This is an experimental package: I wanted to see what an alternative world would look like where Elm distinguished between defered signals (signals that start out "empty") and prompt signals (signals that are created with an initial value in the first position).
This is an experiment - please don't use it in production. It's probably not very performant to use
foldl on either prompt or defered signals right now since there is quite a lot of magic making this work...
Signal.foldl like you would
import Signal.Extra -- See Apanatshka/elm-signal-extra Signal.foldl f x signal == Signal.Extra.foldp' f (flip f x) signal
Defered.foldl is similar to
Signal.foldp except that a
foldl-like seed value is used, instead of an initial value.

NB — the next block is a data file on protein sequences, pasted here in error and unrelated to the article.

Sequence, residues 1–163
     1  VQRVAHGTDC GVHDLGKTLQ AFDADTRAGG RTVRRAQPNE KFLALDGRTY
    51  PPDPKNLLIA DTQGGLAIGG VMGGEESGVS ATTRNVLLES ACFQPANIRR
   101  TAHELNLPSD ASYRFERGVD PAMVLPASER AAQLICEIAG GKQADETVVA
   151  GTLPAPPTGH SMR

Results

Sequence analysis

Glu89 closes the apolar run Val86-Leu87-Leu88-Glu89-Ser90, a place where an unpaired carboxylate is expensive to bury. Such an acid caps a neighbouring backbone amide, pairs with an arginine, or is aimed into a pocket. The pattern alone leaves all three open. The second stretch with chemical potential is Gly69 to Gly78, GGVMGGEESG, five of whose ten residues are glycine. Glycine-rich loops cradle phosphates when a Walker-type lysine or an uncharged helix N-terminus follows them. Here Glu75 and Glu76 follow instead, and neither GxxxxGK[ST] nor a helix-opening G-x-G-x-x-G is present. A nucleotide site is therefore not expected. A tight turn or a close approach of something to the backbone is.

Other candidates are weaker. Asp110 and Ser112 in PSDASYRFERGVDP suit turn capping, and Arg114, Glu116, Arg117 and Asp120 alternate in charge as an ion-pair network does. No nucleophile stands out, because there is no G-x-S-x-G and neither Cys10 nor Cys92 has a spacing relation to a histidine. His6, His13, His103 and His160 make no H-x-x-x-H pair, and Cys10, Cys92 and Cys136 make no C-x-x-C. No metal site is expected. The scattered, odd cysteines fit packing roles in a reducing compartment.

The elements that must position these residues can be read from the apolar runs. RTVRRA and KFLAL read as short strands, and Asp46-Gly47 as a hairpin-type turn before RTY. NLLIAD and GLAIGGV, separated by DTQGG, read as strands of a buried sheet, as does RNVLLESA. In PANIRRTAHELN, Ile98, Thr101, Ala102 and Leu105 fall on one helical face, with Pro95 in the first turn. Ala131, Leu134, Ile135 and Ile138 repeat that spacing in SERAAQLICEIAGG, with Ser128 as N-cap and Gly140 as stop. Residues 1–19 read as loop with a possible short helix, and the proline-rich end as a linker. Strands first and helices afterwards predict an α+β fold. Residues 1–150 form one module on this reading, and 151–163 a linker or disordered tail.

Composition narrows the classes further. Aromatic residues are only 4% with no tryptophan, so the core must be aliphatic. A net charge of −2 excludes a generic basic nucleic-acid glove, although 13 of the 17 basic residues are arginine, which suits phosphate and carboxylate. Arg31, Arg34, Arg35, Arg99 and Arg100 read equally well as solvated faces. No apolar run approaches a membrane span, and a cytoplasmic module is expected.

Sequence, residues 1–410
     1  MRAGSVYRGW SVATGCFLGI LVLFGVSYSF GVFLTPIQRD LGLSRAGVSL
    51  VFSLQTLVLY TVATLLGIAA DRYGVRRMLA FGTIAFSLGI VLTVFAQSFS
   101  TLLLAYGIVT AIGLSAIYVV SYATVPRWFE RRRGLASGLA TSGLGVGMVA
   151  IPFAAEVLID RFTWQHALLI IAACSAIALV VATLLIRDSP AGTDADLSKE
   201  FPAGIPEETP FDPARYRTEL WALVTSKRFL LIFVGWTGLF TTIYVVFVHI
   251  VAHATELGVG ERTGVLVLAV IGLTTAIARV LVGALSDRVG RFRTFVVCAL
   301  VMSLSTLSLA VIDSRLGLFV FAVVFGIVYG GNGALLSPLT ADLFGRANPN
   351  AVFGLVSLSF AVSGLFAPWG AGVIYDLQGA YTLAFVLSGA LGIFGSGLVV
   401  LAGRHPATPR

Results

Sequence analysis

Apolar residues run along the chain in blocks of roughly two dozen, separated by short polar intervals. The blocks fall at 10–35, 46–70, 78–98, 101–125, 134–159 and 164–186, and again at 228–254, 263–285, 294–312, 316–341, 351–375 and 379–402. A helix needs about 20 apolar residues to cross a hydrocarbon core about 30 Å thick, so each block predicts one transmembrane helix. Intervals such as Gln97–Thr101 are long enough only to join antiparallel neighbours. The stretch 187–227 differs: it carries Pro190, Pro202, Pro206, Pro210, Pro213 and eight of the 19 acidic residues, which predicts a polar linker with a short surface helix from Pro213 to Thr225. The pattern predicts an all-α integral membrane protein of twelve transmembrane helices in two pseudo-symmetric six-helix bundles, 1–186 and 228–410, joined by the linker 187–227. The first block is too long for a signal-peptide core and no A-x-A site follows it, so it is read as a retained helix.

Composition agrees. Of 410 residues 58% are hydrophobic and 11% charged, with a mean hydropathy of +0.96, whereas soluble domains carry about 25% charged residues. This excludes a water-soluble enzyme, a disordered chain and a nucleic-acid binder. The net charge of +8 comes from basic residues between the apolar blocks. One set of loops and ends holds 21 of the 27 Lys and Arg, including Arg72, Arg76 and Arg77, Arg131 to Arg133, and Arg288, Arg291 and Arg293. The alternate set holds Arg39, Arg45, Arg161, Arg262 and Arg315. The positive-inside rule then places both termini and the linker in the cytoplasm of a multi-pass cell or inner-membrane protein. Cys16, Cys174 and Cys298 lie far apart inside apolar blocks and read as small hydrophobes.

Signal.foldp f (f initial seed) signal == prompt (f initial seed) (Defered.foldl f seed (defer signal))
Defered.foldl relates to
Signal.foldl as follows.
prompt initial (Defered.foldl f seed defsig) == Signal.foldl f (prompt (f initial seed) defsig)
Sometimes it is not clear that a signal what the initial value of a signal should be.
One example is a mouse click, a discrete signal that appears to trigger only on after initialization has completed. This is called a defered signal in this library, I.e.
import Signal.Alt as Signal import Signal.Alt (Signal) import Signal.Defered as Defered import Mouse.Defered as Mouse -- Produces a defered signal that looks like this: <1,2,3,4,5,...> clicksCounter : Defered.Signal Int clicksCounter = Defered.foldl (\c -> c + 1) 0 Mouse.clicks -- Produces a prompt signal that looks like this: <Nothing,Just "1",Just "2",Just "3",Just "4",Just "5",...> displayedClicks : Signal Int displayedClicks = Singal.prompt Nothing <| (Just << toString <~ clicksCounter)